By sounding this people’s alarm, we will also be saying that we are no longer waiting for politicians to declare climate disruption an emergency and respond accordingly. We are going to declare the emergency ourselves, from below, just as social movements have always done. The day after the march, many will be taking part in Flood Wall Street events, to draw clear connections between the logic of frenetic profit-making that rules financial markets and the collective failure to take the measures necessary to prevent runaway climate change.
The true leaders are not the ones who will show up at the United Nations next week in motorcades. The true leaders are the people next to us in the streets: the people who already achieved, and are fighting to defend, a moratorium against natural gas fracking in New York state. The Indigenous communities using their hard-won land rights to try to stop the suicidal expansion of the Alberta tar sands in Canadian court. The grassroots environmental justice groups in New York City that have been fighting the siting of toxic refineries and incinerators in the neighbourhoods for decades. And the students who have been demanding that their universities divest their endowments from fossil-fuel stocks, on the grounds that such businesses have made an immoral bet against all of our futures.
These are the people showing us what it looks like to act upon those terrifying warnings from climate scientists. To run away from the fire, instead of towards it.
Naming climate change as a clear and present danger is not a solution in itself, of course. But it is the critical first step. Forcefully expressing our collective sense of urgency will help us resist the next attempt to tell us that some manufactured economic imperative is more important than the stability of the planet – whether it’s the supposed need for more government austerity, or the need to grow the economy at any cost. That sustained sense of urgency will allow us to demand the kinds of bold action required to get off fossil fuels, and move to a regenerative economy, in the brief window we have left.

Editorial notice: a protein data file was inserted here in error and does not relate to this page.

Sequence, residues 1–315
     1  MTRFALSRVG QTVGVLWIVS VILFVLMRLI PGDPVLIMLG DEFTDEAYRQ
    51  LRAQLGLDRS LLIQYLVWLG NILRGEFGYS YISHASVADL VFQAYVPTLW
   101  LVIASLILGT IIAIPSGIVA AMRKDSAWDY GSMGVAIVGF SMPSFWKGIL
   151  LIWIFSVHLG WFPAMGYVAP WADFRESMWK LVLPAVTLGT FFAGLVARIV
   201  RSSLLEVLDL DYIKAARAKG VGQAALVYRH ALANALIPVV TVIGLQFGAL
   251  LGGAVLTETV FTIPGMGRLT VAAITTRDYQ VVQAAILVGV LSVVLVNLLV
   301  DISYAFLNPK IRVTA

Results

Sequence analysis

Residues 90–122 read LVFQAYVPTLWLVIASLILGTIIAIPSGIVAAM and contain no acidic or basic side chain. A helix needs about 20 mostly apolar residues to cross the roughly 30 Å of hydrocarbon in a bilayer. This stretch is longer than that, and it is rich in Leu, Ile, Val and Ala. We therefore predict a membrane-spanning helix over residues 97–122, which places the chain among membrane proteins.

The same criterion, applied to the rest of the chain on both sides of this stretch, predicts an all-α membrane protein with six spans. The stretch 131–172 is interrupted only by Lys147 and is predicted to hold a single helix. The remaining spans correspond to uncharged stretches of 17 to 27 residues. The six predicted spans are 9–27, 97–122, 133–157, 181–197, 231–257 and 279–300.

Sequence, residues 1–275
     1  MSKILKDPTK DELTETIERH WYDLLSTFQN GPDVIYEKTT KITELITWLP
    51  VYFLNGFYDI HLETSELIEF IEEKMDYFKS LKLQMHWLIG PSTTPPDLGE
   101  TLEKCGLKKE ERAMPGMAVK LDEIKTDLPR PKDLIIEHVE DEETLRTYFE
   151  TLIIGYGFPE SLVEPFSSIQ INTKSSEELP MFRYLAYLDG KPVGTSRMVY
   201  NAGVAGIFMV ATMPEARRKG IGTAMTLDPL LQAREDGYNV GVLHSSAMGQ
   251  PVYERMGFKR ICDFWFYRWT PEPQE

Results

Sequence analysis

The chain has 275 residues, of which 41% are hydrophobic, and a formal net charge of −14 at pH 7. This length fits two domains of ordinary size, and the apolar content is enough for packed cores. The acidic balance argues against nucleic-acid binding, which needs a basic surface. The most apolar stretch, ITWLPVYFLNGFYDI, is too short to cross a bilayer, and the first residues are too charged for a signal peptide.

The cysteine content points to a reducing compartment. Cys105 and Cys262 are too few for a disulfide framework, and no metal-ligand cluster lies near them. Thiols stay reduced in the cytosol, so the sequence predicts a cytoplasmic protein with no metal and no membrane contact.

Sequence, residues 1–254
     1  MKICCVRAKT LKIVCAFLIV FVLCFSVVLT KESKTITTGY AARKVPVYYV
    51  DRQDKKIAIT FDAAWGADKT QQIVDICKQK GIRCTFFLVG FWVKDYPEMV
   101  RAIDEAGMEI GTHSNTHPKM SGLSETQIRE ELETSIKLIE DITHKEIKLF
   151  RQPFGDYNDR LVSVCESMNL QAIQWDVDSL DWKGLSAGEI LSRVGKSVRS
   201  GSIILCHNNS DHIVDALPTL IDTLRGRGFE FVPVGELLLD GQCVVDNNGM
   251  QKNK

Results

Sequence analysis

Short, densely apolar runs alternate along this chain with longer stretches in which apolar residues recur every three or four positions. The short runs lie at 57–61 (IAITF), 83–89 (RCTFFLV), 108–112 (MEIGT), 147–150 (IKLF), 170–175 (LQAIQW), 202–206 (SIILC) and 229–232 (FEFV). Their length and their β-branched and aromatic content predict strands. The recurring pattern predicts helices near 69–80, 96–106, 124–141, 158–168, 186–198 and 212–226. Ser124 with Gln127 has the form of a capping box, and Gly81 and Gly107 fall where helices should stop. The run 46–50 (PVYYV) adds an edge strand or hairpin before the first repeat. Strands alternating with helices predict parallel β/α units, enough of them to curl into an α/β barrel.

More from Guardian US on the People’s Climate March:
- Rebecca Solnit: The silence on climate change is deafening – time to get loud
- Jarvis Cocker: Politicians just hold the hand of big business – and so we march
- Interactive: ‘Why we’re going on the biggest climate march in history’
This is quite exciting…but it won’t go down well in some quarters. How long you reckon before attempts are made to cut the funding for this?
Ancient DNA could unlock South Florida secret
By Ken Kaye,Sun SentinelSeptember 20, 2014
About 14,000 years ago, modern humans roamed to South Florida and lived side by side with mammoths, mastodons and saber-tooth tigers.